There are a lot of unknowns about autism spectrum disorder (ASD). For every apparent truth that can be said about it, there is some exception or degree of uncertainty that comes with it. First, it’s known that autism has a primary basis in genetics, but it’s unsure exactly what causes it. Second is that more and more people are diagnosed with it every year, but it’s not clear whether this trend reflects the changes in diagnostic criteria or an actual rise in the frequency of the disorder. Either way it’s an issue that calls for more awareness because not only does it affect the quality of life for the individual and their families, but has made a startlingly apparent need for reform in special needs assistance in the education system.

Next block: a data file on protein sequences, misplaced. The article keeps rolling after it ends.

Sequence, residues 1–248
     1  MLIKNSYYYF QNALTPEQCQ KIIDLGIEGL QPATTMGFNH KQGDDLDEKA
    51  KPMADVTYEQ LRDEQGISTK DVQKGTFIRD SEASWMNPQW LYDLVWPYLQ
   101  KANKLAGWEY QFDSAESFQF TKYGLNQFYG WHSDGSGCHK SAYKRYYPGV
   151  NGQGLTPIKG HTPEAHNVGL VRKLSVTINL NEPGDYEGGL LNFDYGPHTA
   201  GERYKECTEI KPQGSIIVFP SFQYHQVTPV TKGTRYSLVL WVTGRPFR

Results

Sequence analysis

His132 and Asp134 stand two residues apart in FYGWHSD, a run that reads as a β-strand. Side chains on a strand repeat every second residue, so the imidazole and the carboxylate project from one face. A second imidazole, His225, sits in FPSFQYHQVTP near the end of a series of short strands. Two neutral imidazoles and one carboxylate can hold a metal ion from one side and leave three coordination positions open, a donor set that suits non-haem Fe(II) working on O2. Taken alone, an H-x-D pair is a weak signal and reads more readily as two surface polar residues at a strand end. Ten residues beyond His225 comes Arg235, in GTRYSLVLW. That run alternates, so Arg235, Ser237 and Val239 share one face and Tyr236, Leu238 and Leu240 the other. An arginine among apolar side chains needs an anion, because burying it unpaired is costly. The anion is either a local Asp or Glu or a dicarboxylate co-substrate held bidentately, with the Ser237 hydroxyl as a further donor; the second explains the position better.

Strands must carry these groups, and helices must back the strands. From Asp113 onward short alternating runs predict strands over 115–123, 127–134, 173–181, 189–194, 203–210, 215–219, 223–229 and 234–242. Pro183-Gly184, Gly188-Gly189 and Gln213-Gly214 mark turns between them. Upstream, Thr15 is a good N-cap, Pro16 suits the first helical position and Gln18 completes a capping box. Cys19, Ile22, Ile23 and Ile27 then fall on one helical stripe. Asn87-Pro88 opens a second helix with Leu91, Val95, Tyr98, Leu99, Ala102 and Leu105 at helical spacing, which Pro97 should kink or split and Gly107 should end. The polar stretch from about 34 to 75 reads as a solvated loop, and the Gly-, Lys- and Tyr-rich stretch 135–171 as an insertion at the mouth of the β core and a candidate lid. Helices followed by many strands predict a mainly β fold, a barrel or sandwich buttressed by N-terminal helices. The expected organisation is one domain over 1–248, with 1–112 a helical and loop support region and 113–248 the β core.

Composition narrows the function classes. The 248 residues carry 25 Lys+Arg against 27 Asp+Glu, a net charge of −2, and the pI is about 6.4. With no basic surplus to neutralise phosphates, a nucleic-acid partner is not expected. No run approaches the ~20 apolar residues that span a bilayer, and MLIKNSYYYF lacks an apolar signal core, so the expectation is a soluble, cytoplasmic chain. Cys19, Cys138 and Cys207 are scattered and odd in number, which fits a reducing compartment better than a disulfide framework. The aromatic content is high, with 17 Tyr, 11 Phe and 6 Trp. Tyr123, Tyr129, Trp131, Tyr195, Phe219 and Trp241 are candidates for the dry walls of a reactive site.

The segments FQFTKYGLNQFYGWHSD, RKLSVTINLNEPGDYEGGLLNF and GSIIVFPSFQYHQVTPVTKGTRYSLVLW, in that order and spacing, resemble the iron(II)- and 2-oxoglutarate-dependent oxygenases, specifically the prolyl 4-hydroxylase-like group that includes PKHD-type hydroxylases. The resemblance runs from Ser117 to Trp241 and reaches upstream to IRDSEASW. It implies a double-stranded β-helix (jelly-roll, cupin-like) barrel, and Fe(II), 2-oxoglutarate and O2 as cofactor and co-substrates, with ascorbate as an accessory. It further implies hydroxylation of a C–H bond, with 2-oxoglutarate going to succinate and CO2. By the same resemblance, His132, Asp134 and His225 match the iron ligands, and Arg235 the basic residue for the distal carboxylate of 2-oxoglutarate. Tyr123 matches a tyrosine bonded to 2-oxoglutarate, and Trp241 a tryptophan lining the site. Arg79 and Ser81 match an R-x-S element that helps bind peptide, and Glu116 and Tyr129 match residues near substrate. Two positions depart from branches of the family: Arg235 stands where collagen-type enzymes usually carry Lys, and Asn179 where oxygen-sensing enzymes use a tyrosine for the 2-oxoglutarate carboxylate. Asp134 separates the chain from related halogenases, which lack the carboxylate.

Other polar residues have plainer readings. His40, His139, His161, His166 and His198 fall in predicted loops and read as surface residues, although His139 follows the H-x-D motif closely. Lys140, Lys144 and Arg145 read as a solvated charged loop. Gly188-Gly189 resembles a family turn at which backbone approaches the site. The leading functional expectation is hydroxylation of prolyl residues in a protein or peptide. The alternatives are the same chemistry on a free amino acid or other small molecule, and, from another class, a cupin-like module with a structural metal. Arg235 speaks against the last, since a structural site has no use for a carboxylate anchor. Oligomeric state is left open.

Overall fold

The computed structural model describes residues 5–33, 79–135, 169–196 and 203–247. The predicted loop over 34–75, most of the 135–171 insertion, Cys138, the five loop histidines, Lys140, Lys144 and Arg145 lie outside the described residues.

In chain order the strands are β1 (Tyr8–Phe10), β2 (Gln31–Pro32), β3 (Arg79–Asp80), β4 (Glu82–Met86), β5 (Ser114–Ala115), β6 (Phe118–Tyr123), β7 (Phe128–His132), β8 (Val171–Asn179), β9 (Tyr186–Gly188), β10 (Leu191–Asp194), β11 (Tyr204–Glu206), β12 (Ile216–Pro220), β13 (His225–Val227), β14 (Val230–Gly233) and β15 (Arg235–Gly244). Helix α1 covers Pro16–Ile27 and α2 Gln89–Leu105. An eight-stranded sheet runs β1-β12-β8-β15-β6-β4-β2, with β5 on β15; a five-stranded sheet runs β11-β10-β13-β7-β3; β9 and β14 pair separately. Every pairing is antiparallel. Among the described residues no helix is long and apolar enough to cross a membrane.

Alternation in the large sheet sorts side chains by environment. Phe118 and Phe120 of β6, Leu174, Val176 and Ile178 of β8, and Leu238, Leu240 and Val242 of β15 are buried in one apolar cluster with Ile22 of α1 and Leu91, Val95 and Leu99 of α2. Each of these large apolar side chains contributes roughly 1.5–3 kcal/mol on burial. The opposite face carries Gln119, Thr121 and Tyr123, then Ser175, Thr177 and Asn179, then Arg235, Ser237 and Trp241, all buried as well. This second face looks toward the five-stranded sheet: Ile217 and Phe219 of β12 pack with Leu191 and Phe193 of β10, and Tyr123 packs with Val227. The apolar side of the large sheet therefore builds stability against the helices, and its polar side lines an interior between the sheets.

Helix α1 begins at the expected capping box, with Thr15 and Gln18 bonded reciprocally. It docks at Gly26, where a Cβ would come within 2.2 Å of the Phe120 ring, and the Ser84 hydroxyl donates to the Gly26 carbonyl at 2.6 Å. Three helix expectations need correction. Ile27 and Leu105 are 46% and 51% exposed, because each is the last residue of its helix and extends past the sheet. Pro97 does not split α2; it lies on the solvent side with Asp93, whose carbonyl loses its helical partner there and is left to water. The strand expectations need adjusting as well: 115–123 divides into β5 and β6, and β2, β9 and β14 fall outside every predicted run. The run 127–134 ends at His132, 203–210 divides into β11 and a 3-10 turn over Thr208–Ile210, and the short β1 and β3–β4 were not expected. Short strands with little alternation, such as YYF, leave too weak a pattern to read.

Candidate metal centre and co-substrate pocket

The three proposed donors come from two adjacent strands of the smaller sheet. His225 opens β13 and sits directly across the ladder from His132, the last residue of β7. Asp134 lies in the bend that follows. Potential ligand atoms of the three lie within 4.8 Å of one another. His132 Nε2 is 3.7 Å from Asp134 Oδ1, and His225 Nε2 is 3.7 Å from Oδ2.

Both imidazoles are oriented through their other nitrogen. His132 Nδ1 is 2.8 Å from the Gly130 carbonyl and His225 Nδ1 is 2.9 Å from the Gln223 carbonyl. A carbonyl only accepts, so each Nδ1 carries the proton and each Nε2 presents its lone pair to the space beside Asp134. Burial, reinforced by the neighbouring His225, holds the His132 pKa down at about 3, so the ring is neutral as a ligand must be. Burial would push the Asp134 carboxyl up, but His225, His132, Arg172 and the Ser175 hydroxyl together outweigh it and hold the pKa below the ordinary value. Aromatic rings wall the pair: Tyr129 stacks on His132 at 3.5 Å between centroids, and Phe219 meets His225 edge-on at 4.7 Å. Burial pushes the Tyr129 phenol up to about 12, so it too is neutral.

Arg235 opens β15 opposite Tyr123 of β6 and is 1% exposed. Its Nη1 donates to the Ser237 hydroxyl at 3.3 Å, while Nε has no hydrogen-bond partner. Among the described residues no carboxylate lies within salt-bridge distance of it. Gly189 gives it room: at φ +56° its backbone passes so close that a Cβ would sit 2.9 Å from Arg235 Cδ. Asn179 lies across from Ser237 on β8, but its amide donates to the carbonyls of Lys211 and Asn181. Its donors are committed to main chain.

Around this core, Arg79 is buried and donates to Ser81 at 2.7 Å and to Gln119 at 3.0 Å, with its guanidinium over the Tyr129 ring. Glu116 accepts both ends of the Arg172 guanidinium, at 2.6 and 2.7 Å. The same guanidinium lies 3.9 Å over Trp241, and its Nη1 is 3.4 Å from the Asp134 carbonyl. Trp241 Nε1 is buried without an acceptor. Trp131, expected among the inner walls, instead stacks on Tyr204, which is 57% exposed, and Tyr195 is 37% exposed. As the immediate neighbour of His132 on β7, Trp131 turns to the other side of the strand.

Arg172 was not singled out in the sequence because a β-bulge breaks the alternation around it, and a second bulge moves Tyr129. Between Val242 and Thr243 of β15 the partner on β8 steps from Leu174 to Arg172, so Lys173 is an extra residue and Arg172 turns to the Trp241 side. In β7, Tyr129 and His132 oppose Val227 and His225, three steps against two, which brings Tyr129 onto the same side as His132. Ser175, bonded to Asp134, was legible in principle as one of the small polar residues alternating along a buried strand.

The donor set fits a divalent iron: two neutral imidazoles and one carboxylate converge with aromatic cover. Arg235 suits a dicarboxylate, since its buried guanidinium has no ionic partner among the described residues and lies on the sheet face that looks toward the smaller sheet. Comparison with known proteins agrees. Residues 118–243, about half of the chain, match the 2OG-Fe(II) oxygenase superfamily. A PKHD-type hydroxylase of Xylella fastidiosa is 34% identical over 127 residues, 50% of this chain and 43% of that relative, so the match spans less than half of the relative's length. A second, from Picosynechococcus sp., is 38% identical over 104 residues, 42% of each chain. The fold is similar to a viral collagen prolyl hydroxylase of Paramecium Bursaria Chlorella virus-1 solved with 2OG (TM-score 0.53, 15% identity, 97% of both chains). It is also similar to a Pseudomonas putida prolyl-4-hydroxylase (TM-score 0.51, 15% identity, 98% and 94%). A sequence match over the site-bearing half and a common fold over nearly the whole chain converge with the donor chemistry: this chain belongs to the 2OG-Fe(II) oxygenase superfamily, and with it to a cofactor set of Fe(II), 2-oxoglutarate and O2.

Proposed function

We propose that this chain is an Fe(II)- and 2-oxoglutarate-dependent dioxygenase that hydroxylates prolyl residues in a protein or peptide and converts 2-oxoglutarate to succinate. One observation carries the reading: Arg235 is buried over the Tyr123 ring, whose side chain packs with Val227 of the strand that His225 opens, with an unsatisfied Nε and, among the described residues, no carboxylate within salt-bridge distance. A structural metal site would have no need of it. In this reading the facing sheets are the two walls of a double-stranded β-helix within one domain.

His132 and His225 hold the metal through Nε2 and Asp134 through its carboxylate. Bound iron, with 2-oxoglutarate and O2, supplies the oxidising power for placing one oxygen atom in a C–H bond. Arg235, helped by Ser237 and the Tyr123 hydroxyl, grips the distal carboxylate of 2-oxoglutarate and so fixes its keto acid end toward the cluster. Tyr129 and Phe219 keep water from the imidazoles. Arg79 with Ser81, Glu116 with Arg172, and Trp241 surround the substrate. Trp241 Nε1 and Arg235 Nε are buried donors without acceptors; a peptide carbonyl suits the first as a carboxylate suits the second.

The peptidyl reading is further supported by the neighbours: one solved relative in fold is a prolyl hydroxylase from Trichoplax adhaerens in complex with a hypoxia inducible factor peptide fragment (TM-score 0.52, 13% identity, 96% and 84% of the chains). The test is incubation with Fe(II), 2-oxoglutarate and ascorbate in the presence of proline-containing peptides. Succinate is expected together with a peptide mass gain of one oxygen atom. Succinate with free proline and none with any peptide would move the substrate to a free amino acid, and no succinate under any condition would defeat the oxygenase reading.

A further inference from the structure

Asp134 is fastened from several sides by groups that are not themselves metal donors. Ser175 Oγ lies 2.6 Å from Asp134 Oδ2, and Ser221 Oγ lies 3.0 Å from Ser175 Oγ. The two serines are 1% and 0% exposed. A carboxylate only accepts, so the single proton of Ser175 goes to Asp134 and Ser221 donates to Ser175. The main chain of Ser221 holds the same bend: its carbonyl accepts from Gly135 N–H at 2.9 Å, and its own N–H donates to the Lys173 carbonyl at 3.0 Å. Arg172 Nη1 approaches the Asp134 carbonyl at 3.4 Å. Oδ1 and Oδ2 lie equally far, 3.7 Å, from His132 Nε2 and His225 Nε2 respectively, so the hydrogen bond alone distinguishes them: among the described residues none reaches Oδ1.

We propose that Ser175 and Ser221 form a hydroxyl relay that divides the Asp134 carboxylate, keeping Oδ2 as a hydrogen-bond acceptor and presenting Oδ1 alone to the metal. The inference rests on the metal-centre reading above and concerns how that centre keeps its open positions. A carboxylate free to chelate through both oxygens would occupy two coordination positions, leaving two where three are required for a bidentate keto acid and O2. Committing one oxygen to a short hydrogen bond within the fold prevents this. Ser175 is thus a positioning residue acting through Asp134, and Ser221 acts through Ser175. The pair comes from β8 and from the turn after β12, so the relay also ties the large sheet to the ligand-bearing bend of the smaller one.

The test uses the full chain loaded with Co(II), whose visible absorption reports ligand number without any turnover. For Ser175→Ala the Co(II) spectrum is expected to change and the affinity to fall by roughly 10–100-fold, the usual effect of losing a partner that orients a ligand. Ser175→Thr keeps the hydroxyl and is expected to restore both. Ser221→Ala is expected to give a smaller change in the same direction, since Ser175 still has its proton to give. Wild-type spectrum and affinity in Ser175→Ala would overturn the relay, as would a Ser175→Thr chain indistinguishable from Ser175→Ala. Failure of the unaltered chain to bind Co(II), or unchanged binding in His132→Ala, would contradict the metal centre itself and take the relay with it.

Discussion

It been shown time and time again how constructive music education is in all areas of cognitive development, but it also proves to be especially helpful to those with ASD. As showcased by this infographic, it basically boils down to the two most indicative symptoms across the spectrum of those with autism. Those being that ASD can be characterized mainly by poor ability to communicate and interact socially, along with being prone to repetitive behaviors and specific interests. Music is upheld as a universal language, something that transcends the need for words. Not only that but regardless of what your interests are, there is a type of music for you. The reason we have favorite songs is because they have the power to bring us back to a specific place or feeling. That kind of familiarity can find a very explicit type of relief in those who suffer from ASD. I could go on and on about how many songs they taught us in grade school to remember things like the alphabet, and how rhythm accesses areas of the brain normally reserved for unconscious functions like breathing and a beating heart, but ultimately what I’m trying to get across is that music is very important.